CONGO TOWN, Montserrado – Tolbert Nyenswah, director general of the National Public Health Institute of Liberia, has confirmed the outbreak of scabies in five counties across of the country.
Scabies is a highly contagious skin infection caused by tiny mites that burrow under the skin and lay eggs, causing the skin to become irritated. It is transmitted through prolonged skin-to-skin contact with an affected person. Contact with affected linen material can also cause the spread of scabies.
Addressing a press conference on Thursday in Congo Town, Nyenswah said the discovery of the contagious skin infestation comes after careful laboratory tests of over 42 reported cases.
Nyenswah said the signs and symptoms of the infestation include intense itching, with rashes prominent in areas with skin folds, such as around the fingers, buttocks, under the armpits, and genital areas.
He named the affected counties as Margibi, Bong, Grand Bassa, River Cess and Montserrado, adding that “no deaths have been reported from the contagious skin disease outbreak.”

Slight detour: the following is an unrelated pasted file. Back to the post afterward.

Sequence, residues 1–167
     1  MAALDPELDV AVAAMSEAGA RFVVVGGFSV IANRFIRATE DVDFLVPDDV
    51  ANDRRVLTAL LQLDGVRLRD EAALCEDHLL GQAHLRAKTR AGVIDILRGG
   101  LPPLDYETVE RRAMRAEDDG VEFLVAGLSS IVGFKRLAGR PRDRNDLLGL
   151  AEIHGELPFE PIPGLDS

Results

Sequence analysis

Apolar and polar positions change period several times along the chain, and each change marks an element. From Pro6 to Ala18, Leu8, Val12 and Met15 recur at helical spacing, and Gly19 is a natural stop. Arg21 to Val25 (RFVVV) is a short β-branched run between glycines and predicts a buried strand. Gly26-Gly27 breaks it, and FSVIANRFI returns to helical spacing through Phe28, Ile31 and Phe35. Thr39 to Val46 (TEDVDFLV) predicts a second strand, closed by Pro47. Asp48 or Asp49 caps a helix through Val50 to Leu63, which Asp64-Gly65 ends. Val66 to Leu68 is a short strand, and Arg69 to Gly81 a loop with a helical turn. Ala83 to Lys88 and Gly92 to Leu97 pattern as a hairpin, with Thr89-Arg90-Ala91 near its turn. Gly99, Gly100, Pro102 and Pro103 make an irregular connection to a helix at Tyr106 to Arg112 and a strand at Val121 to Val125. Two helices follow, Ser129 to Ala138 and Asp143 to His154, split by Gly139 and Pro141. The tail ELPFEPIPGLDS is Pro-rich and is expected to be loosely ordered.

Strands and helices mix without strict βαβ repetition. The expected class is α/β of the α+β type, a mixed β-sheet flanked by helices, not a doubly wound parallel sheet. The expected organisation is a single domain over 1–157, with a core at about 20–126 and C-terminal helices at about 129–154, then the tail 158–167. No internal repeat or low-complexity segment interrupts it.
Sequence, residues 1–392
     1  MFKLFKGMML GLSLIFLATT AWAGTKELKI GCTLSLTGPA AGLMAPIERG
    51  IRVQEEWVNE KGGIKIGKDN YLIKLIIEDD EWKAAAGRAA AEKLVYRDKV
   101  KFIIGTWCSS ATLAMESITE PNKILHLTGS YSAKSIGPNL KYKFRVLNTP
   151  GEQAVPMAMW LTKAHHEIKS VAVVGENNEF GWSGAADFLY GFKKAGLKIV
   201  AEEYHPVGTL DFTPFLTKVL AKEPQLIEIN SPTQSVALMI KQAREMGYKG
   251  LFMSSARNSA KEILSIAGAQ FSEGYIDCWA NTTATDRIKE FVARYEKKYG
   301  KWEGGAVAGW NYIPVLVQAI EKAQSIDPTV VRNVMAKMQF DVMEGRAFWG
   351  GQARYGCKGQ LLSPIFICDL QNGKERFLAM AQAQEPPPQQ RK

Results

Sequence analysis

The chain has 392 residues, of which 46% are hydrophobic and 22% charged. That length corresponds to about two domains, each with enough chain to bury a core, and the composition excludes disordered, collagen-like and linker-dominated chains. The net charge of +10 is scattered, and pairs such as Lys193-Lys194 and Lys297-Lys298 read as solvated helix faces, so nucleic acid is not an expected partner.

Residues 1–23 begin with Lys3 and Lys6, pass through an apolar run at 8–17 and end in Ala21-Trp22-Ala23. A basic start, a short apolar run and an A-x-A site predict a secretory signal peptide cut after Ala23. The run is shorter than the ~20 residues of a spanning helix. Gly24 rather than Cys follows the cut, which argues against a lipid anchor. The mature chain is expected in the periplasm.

The NPHIL director general stated that after the initial cases were reported, the institutes conducted active case search to detect an additional 3,576 suspected cases.
Nyenswah noted that with support from the World Health Organization, cases reported in River Cess have been treated with Benyzl Benzoate lotion. He added, “The scabies skin disease is preventable and treatable.”
As part of its mandate to allay the fears and prevent the spread of scabies, Nyenswah said the institute and the Ministry of Health are collaborating to ensure that county surveillance officers, as well as community health volunteers in the five effected counties, initiate active case search.
“Health promotion and awareness messages are currently being disseminated to the communities through radio talk shows and other medium,” he added.
When treated with Benzyl Benzoate, the infestation can take up to three days to go away. NPHIL is also advising that affected clothing be washed properly with boiling water and detergent soap to prevent the spread of the disease.
Nyenswah called on the public to report persons suffering from the condition to the nearest health facility or call 4455.
Featured photo by Ahmed Jallanzo